The Allure And Peril Of Genetics Exceptionalism: Do We Need Special Genetics Legislation?, Sonia M. Suter Jan 2001

The Allure And Peril Of Genetics Exceptionalism: Do We Need Special Genetics Legislation?, Sonia M. Suter

Washington University Law Review

This Article asserts that genetic information is not unique and that concerns about abuses of information should not be limited to genetic information, but should extend to other medical information. Not only is genetic information like other medical information, but treating the two differently under the law leads to unintended inequities between individuals and classes, which raises serious questions about the propriety of public policy based on genetics exceptionalism.


Brief For The Plaintiff-Appellant Lucas Rosa In The United States Court Of Appeals For The First Circuit Lucas Rosa V. Park West Bank And Trust Company On Appeal From The United States District Court For The District Of Massachusetts, Jennifer L. Levi, Mary L. Bonauto Jan 2001

Brief For The Plaintiff-Appellant Lucas Rosa In The United States Court Of Appeals For The First Circuit Lucas Rosa V. Park West Bank And Trust Company On Appeal From The United States District Court For The District Of Massachusetts, Jennifer L. Levi, Mary L. Bonauto

Michigan Journal of Gender & Law

The District Court fundamentally misconceived the law as applicable to the Plaintiffs claim by concluding that there may be no relationship, as a matter of law, between telling a bank customer what to wear and sex discrimination. It also misapplied Rule 12(b)(6) to the extent that it resolved any factual questions beyond the allegations of the Complaint regarding the basis of the Bank's different treatment of the Plaintiff. Finally, because the District Court incorrectly dismissed the single federal claim in Plaintiffs Complaint, it improperly dismissed Plaintiffs pendant state claims for want of federal court jurisdiction.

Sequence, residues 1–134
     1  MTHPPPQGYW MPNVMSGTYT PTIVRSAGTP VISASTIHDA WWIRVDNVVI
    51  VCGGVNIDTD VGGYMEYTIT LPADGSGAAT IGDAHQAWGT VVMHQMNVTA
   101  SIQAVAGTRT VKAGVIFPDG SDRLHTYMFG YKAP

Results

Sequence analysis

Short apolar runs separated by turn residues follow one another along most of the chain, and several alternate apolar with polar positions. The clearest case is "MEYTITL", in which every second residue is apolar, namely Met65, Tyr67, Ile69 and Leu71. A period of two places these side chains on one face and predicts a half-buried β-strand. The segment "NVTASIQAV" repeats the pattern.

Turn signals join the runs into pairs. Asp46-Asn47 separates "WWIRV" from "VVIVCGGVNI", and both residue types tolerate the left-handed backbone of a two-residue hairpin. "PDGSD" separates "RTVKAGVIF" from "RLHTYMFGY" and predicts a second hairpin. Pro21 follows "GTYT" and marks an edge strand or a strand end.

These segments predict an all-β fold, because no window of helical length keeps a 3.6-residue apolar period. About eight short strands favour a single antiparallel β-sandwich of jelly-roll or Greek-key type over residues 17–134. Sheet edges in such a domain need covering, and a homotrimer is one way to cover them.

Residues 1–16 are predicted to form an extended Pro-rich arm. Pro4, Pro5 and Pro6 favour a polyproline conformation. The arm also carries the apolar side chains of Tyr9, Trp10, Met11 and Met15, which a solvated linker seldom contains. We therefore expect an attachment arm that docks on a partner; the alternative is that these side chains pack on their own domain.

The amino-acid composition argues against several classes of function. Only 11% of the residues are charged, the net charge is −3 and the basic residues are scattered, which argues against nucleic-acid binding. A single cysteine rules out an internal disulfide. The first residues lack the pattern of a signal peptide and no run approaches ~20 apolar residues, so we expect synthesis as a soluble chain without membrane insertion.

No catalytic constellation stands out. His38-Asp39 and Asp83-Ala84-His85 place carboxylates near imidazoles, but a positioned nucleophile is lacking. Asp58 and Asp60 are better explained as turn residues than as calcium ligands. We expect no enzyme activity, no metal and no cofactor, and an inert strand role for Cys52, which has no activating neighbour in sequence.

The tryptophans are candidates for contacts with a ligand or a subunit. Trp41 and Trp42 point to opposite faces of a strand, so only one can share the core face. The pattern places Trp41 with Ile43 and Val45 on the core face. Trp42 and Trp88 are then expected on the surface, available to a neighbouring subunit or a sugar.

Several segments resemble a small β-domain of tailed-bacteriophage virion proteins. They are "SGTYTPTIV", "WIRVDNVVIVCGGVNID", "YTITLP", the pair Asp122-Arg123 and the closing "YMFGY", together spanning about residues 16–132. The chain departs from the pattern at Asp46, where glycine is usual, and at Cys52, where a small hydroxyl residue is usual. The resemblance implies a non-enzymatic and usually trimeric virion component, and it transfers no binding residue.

Direct Measures: An Alternative Form Of Affirmative Action, Daria Roithmayr Jan 2001

Direct Measures: An Alternative Form Of Affirmative Action, Daria Roithmayr

Michigan Journal of Race and Law

Part I of this essay sets out in detail the direct measures affirmative action program. This section also compares the program to other alternative affirmative action program experiments undertaken by various educational institutions. Parts II and III discuss the constitutionality of a direct measures program.


Human Rights Abuses Of Dalits In India, Bina B. Hanchinamani Jan 2001

Human Rights Abuses Of Dalits In India, Bina B. Hanchinamani

Human Rights Brief

No abstract provided.


The Girl Who Cried Pain: A Bias Against Women In The Treatment Of Pain, Diane E. Hoffmann, Anita J. Tarzian Jan 2001

The Girl Who Cried Pain: A Bias Against Women In The Treatment Of Pain, Diane E. Hoffmann, Anita J. Tarzian

Faculty Scholarship

In general, women report more severe levels of pain, more frequent incidences of pain, and pain of longer duration than men, but are nonetheless treated for pain less aggressively. The authors investigate this paradox from two perspectives: Do men and women in fact experience pain differently - whether biologically, cognitively, and/or emotionally? And regardless of the answer, what accounts for the differences in the pain treatment they receive, and what can we do to correct this situation?